Rose is very cooling for the body, and is a very good antidote for the typical lifestyles of today.

The benefits: 

Improving Digestion

Rose petals have been used for centuries as a digestive aid in the Middle East, and have been shown to help improve digestion and soothe pesky stomach troubles. When consumed as a tea, rose petals have a mild laxative effect that can help everything go smoothly when it comes to digestion

High in Antioxidants

Rose petals are high in antioxidants. Antioxidants help to ward off harmful free radicals and promote cellular health within the body. They can also help to prevent degenerative diseases like cancer. If you're looking to up your antioxidant intake, you can't go wrong.

Rose petals contain antimicrobial properties that can help to protect you against harmful bacteria. This means that a cup of rose petals can help to boost your overall health and wellness and ward off harmful microorganisms before you get sick.

Reducing Inflammation

Rose flower extract has also been shown to help reduce inflammation. Whether you're suffering from chronic inflammatory conditions like arthritis or just need help soothing temporary pain, rose tea can help to lessen the symptoms of inflammation.

That, I copied from a website , and it was talking about Rose Herbal Tea.

Tea didn't sound great for Rose, so I set out to make my own Rose Syrup.

A little bit of search led me to "Paneer Roja" or "Scent Roja", available with the local flower vendors in Bangalore. This is not the usual rose you get along with your mixed flowers. You have to specifically ask for Paneer Roja. Smell it and you will know why.

Have been using it for the last few months, and it is amazing. The right drink for the afternoons / evenings when you feel like having something sweet and cool. With the added benefit that it is a natural ayurvedic Home remedy with all round health benefits.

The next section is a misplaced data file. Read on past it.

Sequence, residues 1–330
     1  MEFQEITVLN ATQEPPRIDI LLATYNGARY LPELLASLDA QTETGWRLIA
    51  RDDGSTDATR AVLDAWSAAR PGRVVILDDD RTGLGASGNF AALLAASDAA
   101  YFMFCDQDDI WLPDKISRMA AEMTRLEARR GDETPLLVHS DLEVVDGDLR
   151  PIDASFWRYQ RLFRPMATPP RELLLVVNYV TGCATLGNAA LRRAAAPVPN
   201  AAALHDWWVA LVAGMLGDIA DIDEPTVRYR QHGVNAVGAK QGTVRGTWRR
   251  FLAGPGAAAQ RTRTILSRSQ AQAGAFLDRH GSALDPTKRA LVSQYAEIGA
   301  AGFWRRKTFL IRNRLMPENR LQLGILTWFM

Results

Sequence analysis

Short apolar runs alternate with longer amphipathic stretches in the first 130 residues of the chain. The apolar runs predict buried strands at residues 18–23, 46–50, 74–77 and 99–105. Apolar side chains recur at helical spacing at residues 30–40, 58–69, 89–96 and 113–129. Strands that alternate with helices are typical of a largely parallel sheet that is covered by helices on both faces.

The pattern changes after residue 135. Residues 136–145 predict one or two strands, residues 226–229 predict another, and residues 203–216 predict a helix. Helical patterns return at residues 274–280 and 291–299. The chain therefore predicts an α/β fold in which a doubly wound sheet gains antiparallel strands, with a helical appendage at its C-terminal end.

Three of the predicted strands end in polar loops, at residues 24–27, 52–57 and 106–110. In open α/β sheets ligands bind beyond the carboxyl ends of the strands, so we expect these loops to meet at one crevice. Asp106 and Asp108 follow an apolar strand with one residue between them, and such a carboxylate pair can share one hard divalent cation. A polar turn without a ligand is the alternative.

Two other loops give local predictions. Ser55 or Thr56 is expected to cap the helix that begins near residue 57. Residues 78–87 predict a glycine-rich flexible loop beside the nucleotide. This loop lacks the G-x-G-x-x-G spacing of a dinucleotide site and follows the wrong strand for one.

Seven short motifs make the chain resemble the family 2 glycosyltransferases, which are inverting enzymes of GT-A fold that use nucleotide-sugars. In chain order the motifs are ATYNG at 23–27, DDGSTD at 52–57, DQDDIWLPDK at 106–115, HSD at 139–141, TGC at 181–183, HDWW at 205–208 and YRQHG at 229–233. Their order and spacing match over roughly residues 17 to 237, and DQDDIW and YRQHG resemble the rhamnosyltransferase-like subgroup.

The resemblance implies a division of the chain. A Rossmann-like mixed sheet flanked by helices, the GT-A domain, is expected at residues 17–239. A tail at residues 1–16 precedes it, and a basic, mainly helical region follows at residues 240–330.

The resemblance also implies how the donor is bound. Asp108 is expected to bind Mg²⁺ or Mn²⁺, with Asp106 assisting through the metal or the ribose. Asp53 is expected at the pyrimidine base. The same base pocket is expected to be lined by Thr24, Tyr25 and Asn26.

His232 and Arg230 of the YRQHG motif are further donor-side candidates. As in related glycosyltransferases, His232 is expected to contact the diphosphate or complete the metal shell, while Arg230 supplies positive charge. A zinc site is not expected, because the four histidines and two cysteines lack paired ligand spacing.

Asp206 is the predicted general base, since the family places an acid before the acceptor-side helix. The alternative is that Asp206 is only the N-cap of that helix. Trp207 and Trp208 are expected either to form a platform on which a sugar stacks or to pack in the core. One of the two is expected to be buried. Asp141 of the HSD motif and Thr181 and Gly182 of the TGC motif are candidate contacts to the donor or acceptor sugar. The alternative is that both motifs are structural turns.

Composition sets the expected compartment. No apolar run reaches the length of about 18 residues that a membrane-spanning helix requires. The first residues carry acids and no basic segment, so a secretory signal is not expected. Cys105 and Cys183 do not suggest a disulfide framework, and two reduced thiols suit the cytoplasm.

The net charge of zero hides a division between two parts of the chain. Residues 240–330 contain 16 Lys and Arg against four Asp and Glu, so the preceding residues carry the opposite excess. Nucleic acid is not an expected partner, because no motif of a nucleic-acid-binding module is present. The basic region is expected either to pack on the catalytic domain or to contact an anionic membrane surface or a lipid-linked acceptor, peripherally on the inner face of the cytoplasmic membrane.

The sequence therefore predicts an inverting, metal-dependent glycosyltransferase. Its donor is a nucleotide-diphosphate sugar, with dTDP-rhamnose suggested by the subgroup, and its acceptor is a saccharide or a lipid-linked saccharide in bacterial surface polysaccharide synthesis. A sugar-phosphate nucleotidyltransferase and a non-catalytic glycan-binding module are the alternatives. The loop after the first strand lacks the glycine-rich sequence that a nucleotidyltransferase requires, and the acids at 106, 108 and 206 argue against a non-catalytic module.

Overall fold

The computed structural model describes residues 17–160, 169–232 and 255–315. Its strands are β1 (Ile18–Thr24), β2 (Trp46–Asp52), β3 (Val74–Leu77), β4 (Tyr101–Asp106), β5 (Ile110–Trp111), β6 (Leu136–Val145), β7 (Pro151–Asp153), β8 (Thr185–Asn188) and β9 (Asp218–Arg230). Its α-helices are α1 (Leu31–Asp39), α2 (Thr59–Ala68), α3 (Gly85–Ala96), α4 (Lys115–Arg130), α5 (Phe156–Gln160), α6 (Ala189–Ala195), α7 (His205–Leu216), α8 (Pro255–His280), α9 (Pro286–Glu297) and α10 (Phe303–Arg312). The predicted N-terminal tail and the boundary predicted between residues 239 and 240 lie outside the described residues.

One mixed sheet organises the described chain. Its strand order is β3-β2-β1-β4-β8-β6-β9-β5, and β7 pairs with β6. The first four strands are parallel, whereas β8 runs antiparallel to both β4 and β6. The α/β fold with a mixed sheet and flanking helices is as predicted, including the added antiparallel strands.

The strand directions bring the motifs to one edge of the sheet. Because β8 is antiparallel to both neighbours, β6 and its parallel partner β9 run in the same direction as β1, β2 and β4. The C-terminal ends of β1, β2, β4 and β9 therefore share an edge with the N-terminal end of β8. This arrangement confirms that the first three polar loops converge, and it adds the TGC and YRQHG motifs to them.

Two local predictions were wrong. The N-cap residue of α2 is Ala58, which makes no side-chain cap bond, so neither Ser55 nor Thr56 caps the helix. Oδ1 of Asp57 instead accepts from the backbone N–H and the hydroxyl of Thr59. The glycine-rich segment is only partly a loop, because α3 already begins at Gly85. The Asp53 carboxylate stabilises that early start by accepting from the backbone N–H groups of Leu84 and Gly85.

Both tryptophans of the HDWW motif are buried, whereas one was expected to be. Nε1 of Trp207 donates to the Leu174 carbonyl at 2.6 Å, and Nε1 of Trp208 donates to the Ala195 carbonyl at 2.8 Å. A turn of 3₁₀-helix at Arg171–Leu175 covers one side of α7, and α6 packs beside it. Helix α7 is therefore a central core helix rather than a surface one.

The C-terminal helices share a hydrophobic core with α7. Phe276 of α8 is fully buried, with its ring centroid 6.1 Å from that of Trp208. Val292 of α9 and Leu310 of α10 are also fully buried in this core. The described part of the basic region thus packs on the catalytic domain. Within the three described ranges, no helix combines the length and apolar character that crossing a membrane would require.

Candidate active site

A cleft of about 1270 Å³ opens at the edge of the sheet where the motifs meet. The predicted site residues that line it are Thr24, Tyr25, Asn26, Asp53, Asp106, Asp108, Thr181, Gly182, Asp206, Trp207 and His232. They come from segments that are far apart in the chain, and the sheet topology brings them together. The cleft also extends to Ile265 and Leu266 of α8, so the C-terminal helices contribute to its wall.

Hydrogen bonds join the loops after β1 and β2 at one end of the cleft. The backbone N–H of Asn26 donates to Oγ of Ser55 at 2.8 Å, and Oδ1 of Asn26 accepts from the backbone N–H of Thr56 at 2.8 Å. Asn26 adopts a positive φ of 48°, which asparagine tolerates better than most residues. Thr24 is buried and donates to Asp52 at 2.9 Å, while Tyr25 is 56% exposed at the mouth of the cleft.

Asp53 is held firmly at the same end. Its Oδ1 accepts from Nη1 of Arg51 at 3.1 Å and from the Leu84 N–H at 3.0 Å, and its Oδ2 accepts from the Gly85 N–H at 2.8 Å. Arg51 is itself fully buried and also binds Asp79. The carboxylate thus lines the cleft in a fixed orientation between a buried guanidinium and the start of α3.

Half kg panneer Roja ( costs 100 rupees, it is about 100 roses).

Pluck the petals out and keep aside. 

1.6 litres water

800 gm sugar

Bring the water to a boil.
Soak the roses  in the just boiled water, and leave it to soak overnight.

Strain the water to get rose water. 

Boil the rose water   and mix the sugar with the rose water. 

You will get a Ruby Red / Rose Pink syrup, ready for use. 

Keep it outside to cool  for about four days. Then, bottle, and refrigerate.

It will last for about two to three weeks in the fridge after which it starts fermenting.

To have: Mix one part syrup with five parts water for a refreshing cooling drink.

So, throw out that bottle of Rooh Afza and try making this at home.

Monday, November 21, 2022

How to live a fulfilling life

Some random thoughts

Man was designed to work , as in really productively work , not more than four hours a day.

Work only four hours a day. But make those four hours count. Make it intense.

Not working is not an option. Till your dying day.

Be present. Wherever you are, whatever you are doing. Present means having the body, mind, soul and all the senses in attendance.

Life is a big cosmic joke. Don't take it too seriously.

Don't take yourself too seriously. Pompousness, and a sense of self importance, automatically comes with age. You have to guard against it.

Every day, learn something new.

Spend time in the presence of children. They have a lot to teach you.

Chase your dreams. To do that, you have to have a dream in the first place.

Follow your "swadharma", what you are uniquely positioned to do. To know what it is, you have to listen. To listen, you first need to empty yourself.

The world is constantly trying to fill you up. You need to keep purging often. Empty your stomach, fast. Empty your thoughts, meditate. Go for an annual pachakarma retreat.

Seek space. Even in the middle of a crowded, noisy environment, seek space.

Be of service to someone, somewhere, for something.

Do not get stuck within the confines of labels that you have created for yourself.

Go with the flow. Create in a state of flow. Live in a state of flow. For doing that, you have to suspend thinking. 

Your most productive times, and the most happiest, are the times when the thinking mind is out of the way.

Society's norms tie you down. Feel free to ignore them. 

Focus on your breath. Through the day. If you can, to the extent you can. Your breath is the only thing that remains with you till the end.

Listen to people. Seek advice. But follow your own heart.

Sunday, November 6, 2022


It was reported by a panicked resident that a tiger was spotted roaming outside the walls of Palms Residency Layout, Bangalore. 


This obviously created panic in the community. There was hue and cry, and the Layout's\ social media group went berserk.